Indeed, the Inca empire (Tawantinsuyu) was one of the fastest growing, and later, fastest declining in the world. It came to an abrupt halt when the Spanish conquistadore, Francisco Pizzaro invaded and captured the Emperor, Atahuallpa. The efficient and rigid hierarchial bureaucracy of the Incas completely broke down without an Emperor to give his consent to any major descision.

The famous 'knotted strings', known as kipu (usually spelled quipu as it went through Spanish) were mainly used for record keeping. They could only represent numbers and sums -- many knots close together represented ones digits, and a different know tens. Sometimes runners would carry a handful of yarn.

The Inca language, Quechua is the most spoken Amerindian language today, and is used as a lingua franca by the 13 million people (mostly in Chile) who speak it. Like many Amerindian languages, it is heavily agglutinating, like Esperanto. What is especially amazing is that such a great empire was establised without the use of the wheel. In addition, the Incas built the greatest road system of any pre-industrial civilisation except the Romans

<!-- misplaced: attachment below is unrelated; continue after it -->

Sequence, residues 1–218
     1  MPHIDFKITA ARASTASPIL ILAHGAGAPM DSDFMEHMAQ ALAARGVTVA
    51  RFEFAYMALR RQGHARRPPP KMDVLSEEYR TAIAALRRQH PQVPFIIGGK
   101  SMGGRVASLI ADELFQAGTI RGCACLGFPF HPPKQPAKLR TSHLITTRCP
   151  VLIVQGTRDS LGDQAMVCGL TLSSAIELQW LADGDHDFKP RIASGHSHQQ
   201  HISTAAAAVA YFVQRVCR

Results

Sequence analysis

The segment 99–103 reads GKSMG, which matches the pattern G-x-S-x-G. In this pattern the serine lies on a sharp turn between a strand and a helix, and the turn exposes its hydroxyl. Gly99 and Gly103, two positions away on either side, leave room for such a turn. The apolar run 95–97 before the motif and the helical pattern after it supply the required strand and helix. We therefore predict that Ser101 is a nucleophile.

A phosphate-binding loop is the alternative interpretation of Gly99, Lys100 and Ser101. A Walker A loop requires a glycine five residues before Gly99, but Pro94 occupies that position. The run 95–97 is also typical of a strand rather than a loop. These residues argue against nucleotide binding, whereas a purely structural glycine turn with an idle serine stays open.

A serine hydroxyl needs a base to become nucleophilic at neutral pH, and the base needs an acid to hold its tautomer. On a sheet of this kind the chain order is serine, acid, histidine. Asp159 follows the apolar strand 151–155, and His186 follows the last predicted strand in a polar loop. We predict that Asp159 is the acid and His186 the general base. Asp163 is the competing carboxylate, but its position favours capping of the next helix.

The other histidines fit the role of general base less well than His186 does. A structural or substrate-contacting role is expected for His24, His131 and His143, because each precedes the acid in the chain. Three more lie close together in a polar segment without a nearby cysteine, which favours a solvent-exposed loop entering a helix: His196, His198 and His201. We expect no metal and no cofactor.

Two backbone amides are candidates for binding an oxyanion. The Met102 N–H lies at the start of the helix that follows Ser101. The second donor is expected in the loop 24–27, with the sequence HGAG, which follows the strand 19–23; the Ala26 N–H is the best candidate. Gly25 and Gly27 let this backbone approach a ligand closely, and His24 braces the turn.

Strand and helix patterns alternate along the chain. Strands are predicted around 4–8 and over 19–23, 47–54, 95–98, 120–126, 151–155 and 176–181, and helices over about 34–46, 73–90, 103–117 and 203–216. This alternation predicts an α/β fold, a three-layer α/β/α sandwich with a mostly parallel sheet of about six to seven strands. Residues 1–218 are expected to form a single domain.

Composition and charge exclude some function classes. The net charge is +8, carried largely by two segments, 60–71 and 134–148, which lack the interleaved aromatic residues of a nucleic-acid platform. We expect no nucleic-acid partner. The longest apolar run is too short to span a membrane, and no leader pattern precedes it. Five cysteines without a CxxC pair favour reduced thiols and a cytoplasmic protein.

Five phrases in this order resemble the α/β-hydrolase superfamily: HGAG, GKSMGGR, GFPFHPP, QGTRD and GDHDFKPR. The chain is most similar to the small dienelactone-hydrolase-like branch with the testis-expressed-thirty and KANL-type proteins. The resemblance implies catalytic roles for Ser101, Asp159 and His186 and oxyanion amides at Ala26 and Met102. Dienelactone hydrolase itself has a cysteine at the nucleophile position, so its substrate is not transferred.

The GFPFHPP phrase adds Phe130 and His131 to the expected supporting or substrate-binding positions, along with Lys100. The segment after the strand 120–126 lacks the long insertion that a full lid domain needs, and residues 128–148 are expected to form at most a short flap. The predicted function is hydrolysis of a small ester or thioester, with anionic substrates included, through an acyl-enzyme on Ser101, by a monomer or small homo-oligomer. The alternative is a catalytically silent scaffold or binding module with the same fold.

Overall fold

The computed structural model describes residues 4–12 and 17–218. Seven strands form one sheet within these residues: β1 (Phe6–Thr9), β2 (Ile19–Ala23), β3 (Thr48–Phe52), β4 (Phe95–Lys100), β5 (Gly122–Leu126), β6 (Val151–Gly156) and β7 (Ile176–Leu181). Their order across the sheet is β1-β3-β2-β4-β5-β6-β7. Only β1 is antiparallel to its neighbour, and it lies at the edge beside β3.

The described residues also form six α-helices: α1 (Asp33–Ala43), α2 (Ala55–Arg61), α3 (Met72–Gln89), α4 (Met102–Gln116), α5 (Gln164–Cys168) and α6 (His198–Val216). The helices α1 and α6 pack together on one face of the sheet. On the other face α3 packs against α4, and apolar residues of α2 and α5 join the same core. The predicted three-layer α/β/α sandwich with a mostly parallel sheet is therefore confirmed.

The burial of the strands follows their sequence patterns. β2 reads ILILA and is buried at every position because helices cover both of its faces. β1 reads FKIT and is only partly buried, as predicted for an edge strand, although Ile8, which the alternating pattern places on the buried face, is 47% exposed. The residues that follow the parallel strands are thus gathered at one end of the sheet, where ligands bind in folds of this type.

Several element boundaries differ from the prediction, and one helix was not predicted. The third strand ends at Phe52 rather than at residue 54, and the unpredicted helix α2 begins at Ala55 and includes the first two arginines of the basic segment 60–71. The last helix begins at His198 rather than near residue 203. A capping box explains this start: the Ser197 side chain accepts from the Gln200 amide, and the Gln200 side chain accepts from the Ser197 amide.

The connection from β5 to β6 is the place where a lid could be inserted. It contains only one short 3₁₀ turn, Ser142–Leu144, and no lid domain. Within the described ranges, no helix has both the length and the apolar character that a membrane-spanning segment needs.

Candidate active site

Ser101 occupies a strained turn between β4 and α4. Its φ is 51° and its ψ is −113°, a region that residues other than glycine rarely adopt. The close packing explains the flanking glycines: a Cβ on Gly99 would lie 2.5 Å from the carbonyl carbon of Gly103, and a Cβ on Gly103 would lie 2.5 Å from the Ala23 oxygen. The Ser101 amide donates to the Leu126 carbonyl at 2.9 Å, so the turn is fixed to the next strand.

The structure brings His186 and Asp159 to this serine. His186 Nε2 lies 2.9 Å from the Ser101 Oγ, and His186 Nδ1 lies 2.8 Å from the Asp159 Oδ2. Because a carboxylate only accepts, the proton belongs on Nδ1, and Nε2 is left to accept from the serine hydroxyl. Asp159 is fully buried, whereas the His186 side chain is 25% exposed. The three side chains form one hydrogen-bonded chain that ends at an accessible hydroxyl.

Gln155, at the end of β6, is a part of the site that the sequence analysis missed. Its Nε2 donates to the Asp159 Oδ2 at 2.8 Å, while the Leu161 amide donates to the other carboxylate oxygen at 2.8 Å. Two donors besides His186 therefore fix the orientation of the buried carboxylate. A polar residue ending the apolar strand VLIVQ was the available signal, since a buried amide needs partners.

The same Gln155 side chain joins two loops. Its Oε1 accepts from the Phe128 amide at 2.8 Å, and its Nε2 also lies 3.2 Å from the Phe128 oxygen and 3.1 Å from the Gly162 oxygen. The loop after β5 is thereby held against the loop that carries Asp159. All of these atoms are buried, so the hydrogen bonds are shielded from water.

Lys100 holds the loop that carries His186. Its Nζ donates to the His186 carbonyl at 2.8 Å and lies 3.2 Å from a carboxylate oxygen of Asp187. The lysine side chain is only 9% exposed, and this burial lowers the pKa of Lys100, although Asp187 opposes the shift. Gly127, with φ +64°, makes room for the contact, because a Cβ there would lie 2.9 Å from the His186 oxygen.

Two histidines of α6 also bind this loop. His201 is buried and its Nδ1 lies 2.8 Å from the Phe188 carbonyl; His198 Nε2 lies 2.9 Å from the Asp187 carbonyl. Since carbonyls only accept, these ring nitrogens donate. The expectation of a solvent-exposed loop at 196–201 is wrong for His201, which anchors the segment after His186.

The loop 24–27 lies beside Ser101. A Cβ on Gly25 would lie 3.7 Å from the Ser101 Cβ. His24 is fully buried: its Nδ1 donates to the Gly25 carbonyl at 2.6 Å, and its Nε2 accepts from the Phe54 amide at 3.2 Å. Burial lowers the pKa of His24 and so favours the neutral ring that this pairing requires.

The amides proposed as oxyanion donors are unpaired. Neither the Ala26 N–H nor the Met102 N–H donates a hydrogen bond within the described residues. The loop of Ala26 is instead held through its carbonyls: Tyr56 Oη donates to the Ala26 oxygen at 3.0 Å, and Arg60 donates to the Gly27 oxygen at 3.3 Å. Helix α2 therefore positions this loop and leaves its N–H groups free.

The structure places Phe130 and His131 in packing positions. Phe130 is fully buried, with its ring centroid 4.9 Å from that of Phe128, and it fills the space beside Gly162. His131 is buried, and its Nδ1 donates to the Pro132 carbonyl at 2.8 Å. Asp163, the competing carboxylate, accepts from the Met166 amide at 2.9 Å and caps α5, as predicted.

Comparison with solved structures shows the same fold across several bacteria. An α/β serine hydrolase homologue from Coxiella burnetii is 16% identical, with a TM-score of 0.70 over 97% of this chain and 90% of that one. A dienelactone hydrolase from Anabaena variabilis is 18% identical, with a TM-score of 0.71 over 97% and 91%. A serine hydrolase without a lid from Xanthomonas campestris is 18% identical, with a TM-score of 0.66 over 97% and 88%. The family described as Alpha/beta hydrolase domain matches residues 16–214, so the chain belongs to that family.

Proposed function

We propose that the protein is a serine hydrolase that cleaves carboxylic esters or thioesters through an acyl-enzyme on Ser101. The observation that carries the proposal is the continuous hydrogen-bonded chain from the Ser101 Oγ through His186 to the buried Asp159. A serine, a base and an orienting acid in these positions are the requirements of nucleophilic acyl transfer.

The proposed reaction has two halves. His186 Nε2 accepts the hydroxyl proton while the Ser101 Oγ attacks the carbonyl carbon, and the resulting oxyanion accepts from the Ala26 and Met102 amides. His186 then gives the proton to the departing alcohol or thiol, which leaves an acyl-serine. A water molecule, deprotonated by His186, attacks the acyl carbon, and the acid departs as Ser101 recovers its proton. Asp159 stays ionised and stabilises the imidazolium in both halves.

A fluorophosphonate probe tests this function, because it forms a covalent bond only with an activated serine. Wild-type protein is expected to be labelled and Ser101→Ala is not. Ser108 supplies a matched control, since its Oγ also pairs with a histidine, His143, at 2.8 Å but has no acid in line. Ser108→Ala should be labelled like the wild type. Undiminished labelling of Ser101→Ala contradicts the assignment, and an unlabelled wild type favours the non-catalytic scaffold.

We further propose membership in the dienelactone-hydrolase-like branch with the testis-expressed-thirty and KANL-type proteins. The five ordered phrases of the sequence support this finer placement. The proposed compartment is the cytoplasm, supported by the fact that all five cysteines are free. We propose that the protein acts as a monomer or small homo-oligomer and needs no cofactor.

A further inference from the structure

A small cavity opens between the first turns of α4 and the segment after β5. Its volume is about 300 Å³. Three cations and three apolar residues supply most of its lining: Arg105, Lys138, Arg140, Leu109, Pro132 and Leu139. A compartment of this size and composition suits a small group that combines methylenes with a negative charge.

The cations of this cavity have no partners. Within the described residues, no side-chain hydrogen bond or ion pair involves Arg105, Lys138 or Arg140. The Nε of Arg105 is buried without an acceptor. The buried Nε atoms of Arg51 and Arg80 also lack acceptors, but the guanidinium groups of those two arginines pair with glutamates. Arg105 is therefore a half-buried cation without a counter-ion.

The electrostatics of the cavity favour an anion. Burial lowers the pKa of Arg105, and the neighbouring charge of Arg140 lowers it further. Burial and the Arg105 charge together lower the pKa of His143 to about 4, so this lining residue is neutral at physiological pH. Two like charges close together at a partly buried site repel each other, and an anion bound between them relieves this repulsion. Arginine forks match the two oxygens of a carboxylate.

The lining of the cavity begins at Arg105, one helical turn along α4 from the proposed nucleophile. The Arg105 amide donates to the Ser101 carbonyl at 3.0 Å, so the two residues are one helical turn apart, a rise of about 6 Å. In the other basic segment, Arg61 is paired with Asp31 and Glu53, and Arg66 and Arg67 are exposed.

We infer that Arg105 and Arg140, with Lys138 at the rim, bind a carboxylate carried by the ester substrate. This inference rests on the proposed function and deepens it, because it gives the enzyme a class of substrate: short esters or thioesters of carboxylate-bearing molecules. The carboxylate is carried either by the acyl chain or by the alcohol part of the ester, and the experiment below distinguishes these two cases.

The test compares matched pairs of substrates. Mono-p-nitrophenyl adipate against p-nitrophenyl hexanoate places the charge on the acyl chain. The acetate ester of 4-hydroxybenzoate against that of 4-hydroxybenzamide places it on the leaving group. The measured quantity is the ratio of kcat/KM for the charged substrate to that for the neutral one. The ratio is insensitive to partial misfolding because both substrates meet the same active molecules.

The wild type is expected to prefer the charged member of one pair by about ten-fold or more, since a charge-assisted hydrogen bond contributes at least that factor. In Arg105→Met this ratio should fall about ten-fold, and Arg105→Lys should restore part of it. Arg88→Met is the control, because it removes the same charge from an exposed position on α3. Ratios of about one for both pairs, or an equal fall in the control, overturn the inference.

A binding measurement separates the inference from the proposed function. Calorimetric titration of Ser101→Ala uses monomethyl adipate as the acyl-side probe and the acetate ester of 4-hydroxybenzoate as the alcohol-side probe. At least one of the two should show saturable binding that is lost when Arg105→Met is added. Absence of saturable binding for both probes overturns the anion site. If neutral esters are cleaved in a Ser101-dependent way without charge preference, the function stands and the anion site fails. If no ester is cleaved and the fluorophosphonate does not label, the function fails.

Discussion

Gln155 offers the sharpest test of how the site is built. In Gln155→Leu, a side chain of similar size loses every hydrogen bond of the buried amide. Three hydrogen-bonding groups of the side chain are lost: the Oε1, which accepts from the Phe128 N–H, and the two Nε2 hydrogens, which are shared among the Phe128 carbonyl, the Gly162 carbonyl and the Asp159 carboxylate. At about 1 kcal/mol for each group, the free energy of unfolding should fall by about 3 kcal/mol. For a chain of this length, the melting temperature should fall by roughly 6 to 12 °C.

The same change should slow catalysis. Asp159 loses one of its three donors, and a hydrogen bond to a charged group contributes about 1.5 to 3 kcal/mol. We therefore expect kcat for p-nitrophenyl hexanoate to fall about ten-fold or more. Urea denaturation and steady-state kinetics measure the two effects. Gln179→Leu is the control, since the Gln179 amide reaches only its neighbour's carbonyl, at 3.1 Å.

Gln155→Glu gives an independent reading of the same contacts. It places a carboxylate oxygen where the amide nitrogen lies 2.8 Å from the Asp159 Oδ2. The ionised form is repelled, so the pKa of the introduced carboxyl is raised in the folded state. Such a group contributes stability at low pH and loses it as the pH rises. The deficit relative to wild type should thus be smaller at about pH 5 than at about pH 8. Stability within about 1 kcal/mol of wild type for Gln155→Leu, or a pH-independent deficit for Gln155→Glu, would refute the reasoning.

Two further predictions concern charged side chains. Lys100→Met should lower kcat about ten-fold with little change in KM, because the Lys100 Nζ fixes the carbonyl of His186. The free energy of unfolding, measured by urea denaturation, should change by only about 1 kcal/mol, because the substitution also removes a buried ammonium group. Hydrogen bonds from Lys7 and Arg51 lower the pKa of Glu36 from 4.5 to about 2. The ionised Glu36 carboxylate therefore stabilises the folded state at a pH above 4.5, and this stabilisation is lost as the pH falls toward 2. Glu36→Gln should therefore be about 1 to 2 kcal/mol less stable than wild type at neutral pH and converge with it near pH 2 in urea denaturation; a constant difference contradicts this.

In"ca (?), n. (a)

An emperor or monarch of Peru before, or at the time of, the Spanish conquest; any member of this royal dynasty, reputed to have been descendants of the sun.

(b) pl.

The people governed by the Incas, now represented by the Quichua tribe.

Inca dove Zool., a small dove (Scardafella inca), native of Arizona, Lower California, and Mexico.


© Webster 1913.

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